What is an example of how denotation and connotation are importatn to the field of criminal justice?
The denotation of a word is its dictionary meaning while the connotation of a word includes the emotional effects the word has and the secondary nuances that are conveyed by the use of that word. This can be very important in the criminal justice system with regard to things like writing reports or giving testimony.
For example, people writing reports might use the words "stated," "related," or "indicated" as synonyms for "said." They all have relatively similar denotations and are therefore used interchangeably by many people. However, they come with different connotations in the sense that they convey different levels of confidence and certainty. A report that says that a suspect "indicated" that they wanted to engage in some illegal action feels much less certain than one that says the suspect "stated" such a desire.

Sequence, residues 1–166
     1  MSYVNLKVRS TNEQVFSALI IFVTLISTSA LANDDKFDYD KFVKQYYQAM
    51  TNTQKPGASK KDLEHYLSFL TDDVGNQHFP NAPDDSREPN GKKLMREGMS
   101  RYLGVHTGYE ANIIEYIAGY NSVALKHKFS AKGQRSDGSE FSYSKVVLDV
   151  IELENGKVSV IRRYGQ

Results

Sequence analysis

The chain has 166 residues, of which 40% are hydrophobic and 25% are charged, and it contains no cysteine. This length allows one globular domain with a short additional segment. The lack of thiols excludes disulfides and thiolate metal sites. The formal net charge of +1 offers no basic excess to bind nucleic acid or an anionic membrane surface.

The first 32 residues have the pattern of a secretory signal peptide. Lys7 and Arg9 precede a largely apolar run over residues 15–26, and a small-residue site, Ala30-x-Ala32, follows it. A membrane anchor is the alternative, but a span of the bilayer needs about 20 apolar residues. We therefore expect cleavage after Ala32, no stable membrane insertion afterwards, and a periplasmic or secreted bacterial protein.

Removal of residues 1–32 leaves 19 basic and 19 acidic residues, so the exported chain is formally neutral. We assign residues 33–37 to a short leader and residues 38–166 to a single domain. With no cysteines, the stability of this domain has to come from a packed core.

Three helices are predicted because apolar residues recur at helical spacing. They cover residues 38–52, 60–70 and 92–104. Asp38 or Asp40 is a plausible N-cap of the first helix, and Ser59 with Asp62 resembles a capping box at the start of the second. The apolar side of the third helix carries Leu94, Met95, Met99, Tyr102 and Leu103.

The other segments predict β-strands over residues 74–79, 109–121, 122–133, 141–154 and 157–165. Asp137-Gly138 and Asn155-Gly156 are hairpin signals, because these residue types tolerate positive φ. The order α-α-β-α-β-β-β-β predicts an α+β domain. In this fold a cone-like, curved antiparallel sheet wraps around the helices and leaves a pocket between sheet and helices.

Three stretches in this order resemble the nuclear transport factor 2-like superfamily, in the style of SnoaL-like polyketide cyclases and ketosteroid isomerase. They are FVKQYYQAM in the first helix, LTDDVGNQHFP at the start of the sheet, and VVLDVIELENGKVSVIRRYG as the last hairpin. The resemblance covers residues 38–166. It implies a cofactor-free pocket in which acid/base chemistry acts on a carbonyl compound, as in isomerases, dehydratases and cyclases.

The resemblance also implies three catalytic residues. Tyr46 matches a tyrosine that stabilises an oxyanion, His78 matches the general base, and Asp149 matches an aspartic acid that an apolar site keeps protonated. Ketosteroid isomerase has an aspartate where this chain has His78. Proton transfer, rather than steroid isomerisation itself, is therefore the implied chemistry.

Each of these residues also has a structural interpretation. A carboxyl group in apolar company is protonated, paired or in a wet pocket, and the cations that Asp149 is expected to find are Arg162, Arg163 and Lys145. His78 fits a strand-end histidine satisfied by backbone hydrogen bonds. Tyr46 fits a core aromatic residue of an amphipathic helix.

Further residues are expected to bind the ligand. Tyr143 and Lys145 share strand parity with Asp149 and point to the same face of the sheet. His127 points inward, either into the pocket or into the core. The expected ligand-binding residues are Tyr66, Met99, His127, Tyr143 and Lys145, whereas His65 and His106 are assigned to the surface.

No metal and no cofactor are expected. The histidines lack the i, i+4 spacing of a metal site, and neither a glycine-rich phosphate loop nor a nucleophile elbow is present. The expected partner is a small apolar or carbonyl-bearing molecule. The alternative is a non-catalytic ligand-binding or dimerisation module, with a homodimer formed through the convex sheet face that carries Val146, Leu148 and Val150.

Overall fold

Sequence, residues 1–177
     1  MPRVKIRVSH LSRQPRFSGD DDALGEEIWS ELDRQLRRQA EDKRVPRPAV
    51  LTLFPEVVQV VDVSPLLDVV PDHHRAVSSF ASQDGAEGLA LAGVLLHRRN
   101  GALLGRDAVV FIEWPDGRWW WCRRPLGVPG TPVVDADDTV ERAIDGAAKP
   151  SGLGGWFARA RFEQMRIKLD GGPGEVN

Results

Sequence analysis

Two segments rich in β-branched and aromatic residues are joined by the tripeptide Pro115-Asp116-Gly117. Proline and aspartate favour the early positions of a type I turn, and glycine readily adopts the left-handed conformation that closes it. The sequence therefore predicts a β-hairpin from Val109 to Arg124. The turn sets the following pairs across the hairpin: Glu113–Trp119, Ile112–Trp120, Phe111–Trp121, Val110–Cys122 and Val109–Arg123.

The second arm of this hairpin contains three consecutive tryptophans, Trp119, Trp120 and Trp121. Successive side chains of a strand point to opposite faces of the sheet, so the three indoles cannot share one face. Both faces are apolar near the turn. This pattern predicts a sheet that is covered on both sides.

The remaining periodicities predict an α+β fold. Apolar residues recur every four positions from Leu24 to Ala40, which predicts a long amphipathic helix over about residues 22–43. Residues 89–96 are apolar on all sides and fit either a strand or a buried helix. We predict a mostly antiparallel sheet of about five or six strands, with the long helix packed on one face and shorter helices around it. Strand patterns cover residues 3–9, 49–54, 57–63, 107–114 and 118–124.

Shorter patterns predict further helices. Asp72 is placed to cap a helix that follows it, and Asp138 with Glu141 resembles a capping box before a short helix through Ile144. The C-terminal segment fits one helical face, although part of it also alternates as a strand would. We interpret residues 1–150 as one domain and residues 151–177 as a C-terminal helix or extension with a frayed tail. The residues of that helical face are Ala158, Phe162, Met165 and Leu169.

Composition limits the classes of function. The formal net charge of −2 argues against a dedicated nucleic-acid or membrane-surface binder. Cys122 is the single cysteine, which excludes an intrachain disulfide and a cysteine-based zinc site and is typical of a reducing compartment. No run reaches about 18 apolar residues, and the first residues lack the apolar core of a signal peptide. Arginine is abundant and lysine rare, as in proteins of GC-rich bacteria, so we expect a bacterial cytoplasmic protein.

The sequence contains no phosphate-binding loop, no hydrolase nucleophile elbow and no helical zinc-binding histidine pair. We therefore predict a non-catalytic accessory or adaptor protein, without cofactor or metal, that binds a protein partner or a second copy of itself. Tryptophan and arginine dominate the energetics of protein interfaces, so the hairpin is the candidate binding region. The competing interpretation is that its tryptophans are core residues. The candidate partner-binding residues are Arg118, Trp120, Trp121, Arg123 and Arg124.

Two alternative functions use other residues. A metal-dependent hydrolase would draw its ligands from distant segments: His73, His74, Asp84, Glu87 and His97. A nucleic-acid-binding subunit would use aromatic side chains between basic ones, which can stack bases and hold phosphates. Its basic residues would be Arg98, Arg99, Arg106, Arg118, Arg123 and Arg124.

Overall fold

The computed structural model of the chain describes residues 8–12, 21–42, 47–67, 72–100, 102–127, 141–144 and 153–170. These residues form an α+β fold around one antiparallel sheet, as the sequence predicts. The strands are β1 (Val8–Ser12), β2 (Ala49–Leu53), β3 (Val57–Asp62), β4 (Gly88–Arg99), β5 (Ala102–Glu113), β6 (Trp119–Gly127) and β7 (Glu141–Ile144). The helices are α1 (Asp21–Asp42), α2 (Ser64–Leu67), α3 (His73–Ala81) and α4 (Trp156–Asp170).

Since people in the criminal justice field often have to give written or oral testimony in cases that are extremely significant to those involved, it is important for them to be clear about the connotations of the words they are using.